Most motor vehicle crashes result in insurance claims and some in car accident lawsuits. Insurance companies do not stay in business by paying every claim that comes their way. Even when a carrier knows its policyholder is at fault, the carrier will still try to reduce financial liability.
Recovering damages related to traffic accident injuries requires more than simply filing an insurance claim. If you follow certain guidelines, you can preserve your accident injury claim’s value and ensure that you have the best chances of receiving the maximum amount of compensation commensurate with your injuries. It’s in your best interest to consult with an experienced auto accident attorney as soon after your accident as possible. Until you have the opportunity, this guide provides in-depth information about guidelines that you must follow to file a car accident claim and preserve its value after suffering injuries in a motor vehicle accident from our experienced auto justice attorneys.
Immediate Steps After a Car Accident
If you’re involved in a car accident, you need to take some immediate steps in the minutes and hours that follow the accidents. In the case of a severe accident, you may not have the choice or the opportunity to complete some of these items, and that’s okay. A passenger, friend, or family member can help, and some items can wait if necessary.
Get Checked out by a Doctor
A traffic accident not only physically traumatizes an injured individual’s body but also causes emotional trauma. The excitement of an accident often initiates an adrenaline rush. As the adrenaline flows through the body, individuals who suffer injuries typically focus on the event, and the adrenaline blocks their perception of pain.
This sometimes leads car accident victims to decline medical attention at the scene of the accident. One may think, “I’m only a little sore with a few bumps and bruises. I don’t need to go to the doctor.” However, this is a false and dangerous assumption that may negatively impact your ability to recover compensation for your injuries down the road.
Some injuries, such as whiplash and traumatic brain injuries, may not immediately show symptoms. Additionally, soreness in some areas of the body sometimes indicates the possibility of a severe or life-threatening injury. For example, soreness in the chest or abdomen can indicate internal organ damage, lung damage, broken ribs, internal bleeding, and other potentially fatal injuries.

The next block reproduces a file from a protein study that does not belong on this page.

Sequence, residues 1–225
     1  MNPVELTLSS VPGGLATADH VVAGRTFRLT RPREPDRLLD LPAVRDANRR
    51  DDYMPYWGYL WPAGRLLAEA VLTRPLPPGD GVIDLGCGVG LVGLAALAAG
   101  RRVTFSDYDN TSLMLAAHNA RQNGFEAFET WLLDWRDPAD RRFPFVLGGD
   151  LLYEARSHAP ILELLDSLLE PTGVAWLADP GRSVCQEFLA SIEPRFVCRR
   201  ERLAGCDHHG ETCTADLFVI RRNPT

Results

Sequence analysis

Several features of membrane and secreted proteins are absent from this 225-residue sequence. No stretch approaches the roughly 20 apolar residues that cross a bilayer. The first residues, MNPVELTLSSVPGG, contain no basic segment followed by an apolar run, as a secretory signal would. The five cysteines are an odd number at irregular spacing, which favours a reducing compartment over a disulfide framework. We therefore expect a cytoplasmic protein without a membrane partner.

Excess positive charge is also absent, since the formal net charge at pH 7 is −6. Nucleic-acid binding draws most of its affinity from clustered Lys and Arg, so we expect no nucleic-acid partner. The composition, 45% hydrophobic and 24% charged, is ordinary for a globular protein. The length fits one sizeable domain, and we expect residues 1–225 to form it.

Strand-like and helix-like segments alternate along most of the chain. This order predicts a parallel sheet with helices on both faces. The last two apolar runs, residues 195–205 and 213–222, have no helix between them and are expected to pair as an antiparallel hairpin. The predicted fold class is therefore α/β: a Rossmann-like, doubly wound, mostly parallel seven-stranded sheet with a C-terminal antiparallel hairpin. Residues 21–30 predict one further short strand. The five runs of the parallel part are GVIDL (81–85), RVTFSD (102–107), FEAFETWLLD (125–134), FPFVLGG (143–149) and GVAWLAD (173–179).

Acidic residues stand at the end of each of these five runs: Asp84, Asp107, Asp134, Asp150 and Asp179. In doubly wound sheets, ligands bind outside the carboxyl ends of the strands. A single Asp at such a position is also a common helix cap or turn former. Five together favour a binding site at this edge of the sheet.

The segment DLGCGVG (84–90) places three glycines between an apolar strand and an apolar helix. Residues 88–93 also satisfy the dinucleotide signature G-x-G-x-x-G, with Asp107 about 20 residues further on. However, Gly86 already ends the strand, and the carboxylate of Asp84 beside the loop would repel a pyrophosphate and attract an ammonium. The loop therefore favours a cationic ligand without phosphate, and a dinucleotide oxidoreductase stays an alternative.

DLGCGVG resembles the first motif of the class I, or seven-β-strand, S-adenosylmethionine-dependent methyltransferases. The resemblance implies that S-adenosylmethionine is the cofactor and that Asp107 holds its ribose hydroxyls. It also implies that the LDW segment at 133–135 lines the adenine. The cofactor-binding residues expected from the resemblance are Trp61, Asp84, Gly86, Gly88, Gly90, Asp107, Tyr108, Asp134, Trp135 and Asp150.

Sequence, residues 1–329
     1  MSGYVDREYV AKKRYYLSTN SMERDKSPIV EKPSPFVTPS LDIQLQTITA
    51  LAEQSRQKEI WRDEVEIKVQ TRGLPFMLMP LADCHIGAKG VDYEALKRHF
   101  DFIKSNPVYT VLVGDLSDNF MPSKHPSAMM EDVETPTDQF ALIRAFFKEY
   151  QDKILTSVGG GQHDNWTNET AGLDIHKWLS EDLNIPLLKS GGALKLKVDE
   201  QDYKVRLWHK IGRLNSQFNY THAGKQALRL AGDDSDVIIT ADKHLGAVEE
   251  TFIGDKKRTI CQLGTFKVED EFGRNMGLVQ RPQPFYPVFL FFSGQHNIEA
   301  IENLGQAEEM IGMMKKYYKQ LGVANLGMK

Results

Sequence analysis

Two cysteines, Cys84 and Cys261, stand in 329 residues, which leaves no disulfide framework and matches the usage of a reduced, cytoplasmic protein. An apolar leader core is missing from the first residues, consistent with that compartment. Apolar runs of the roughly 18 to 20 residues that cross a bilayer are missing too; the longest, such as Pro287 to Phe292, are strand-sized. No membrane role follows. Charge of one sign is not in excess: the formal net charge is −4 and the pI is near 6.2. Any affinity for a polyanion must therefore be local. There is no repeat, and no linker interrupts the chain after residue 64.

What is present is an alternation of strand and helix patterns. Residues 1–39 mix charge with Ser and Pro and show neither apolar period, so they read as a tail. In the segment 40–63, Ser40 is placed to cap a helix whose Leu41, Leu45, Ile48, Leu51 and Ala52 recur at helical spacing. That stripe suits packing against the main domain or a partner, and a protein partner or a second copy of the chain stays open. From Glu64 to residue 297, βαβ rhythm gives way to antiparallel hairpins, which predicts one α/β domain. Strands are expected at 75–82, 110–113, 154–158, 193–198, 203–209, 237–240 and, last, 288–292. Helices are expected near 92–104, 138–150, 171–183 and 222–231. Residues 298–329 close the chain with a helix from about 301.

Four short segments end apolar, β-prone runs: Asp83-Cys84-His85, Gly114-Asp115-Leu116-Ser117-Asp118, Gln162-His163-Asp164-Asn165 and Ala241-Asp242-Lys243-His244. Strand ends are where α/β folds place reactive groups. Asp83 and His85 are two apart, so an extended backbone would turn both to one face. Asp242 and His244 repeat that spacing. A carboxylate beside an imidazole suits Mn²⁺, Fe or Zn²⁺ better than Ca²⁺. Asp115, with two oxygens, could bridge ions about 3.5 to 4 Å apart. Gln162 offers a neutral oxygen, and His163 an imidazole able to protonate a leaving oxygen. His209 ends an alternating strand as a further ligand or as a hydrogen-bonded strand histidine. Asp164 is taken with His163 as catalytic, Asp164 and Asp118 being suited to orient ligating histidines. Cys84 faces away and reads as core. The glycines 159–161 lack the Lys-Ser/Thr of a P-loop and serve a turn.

When these injuries do not receive immediate medical attention, they can cause further damage and even death. You need to prioritize your health and well-being and let a physician examine you as soon after the accident as possible to ensure that you do not have any life-threatening injuries.
Your medical records will also serve as crucial evidence for insurance companies and defense legal teams. They commonly dispute liability by claiming accident victims had pre-existing injuries or suffered injuries after the accident. When a doctor examines you, he or she will document your injuries in your medical record, providing proof of your injuries to relevant parties. In many cases, simply going to the doctor soon after a car accident prevents the other side from denying or devaluing your claim based on the existence of your injuries.
Gather Crucial Information at the Scene of the Accident
Local or state police may come to the accident scene to facilitate the exchange of information between drivers, passengers, and witnesses. Law enforcement officials will also include this information in their official crash report. However, the police sometimes make mistakes, and the police report is only one person’s narrative about what happened, and it’s rarely an eyewitness account of the accident. Record as much information as possible to ensure that you have all of the facts.
Items that you should write down include:
- The name, address, phone number, and email of any other drivers or passengers involved in the accident
- The insurance carrier, policy number, and phone number of the other driver(s) involved in the accident
- The make, model, license plate number, and vehicle identification number (VIN) for the other vehicle(s) involved in the traffic accident
- Contact information from any bystanders or eyewitnesses who saw the accident take place
- The time, location, road conditions, weather conditions, and traffic conditions
- Any hazards that contributed to the accident, such as a dead animal or debris on the roadway
- Any traffic violations you noticed the other driver commit, such as texting and driving, running a red light, etc.
- Anything relevant about the other driver, such as an odor from alcohol or cannabis
Get Photographic Evidence to Support Your Injury Claim